Thomas, William Holland
- E. Stanly Godbold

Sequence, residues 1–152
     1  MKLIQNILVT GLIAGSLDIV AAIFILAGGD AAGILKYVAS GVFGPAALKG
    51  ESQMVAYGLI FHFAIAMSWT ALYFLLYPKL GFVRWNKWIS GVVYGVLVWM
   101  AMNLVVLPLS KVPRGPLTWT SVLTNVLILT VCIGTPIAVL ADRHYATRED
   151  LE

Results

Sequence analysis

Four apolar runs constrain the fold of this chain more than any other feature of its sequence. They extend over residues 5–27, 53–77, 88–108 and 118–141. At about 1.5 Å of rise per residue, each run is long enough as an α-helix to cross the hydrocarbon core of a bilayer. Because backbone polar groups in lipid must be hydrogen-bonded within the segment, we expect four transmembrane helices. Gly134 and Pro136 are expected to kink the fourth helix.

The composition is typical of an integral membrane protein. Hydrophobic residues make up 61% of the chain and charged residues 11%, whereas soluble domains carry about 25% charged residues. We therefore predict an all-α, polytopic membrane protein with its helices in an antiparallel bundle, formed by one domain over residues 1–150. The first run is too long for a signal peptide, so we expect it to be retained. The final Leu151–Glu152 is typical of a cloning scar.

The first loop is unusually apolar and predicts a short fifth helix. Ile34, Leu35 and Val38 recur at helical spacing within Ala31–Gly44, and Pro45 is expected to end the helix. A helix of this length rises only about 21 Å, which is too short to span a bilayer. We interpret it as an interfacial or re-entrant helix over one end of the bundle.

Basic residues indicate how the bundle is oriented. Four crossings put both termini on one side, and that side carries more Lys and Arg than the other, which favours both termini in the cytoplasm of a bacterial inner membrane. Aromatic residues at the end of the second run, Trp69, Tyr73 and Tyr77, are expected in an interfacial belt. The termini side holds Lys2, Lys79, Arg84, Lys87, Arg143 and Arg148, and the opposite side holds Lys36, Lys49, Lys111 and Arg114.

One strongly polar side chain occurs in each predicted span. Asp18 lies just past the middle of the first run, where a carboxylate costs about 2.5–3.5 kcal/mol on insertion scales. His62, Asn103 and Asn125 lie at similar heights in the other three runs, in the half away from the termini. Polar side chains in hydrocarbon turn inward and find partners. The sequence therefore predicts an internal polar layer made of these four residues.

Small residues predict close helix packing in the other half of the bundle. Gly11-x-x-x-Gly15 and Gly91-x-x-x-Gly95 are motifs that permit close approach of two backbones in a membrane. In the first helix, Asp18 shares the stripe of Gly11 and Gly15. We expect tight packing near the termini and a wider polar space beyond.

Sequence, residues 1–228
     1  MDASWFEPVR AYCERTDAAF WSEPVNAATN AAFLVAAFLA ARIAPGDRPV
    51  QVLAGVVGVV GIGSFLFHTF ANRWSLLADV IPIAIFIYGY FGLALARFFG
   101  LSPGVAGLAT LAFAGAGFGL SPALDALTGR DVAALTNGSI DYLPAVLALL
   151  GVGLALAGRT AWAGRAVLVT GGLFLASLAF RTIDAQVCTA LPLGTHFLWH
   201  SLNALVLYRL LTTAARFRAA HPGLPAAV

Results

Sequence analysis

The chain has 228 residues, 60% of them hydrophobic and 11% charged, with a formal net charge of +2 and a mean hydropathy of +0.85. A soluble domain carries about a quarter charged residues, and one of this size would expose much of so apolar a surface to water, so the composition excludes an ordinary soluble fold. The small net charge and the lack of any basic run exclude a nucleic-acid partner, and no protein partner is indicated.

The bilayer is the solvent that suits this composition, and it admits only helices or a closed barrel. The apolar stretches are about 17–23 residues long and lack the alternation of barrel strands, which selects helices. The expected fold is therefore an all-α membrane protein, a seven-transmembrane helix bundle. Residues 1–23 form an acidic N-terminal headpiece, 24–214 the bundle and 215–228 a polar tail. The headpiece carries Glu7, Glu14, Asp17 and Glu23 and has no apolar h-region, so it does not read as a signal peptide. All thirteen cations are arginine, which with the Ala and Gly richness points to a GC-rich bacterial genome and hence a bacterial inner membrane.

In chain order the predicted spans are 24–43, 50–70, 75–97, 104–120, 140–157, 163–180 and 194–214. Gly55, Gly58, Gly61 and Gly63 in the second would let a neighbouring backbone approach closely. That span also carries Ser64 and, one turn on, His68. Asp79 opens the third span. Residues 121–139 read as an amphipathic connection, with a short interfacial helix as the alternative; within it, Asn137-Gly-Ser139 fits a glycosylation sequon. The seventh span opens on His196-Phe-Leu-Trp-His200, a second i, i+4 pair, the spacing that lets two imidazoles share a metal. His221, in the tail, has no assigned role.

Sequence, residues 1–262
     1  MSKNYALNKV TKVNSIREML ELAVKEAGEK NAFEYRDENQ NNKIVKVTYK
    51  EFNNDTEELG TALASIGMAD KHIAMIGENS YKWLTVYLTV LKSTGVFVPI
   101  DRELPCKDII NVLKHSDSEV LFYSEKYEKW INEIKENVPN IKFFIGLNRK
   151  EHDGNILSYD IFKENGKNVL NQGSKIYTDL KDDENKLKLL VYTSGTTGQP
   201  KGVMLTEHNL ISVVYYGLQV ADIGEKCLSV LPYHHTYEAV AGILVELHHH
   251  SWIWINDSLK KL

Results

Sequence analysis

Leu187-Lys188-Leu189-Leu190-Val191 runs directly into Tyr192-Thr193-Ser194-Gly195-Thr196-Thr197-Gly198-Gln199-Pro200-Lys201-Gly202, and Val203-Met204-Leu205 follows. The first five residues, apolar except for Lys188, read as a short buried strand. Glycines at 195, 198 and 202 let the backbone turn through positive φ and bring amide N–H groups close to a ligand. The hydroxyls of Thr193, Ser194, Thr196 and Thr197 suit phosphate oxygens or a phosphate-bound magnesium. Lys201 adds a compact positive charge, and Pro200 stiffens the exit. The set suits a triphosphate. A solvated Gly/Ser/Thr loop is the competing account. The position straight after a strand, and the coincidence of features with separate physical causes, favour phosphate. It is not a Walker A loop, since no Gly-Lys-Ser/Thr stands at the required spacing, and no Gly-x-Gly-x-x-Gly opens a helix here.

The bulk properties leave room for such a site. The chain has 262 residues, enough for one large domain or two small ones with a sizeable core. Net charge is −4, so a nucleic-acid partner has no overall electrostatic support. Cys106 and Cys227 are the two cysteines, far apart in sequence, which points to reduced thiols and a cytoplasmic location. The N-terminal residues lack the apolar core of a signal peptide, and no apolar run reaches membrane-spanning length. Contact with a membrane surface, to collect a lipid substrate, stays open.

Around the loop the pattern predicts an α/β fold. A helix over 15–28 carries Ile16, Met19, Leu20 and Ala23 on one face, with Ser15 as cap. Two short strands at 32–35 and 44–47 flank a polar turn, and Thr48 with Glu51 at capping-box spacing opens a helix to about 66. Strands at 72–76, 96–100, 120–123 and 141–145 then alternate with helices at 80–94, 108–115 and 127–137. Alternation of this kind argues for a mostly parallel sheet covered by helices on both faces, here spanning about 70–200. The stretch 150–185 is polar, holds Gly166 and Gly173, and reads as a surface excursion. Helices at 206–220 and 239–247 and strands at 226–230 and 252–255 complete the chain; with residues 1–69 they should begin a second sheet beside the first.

Thomas, William Holland (05 February 1805–10 May 1893), the only white man to serve as chief of the North Carolina Cherokees, businessman, and soldier, was born in Haywood County, North Carolina, the son of Richard Thomas (who died before his birth) and Temperance Calvert. His father was a veteran of the American Revolution who had accepted land in western North Carolina as payment for his service during that war. Thomas grew up as a unique transcultural figure on the rugged, mountainous North Carolina frontier. From his mother he learned Christianity, impeccable manners, and the value of reading and hard work. Felix Hampton Walker, a local storekeeper, gave him a set of law books, which at the age of fifteen he read with such diligence that he was able to practice law. Thomas’s childhood friendships with Cherokee boys led to his learning their language and customs. They nicknamed him Wil-Usdi, or Little Will, because he was short. Yonaguska, the aging head man, treated the fatherless white boy as his own son. Thomas played ritualistic games with his adopted people, defended them against all intruders, and encouraged the perpetuation of their native culture and human dignity....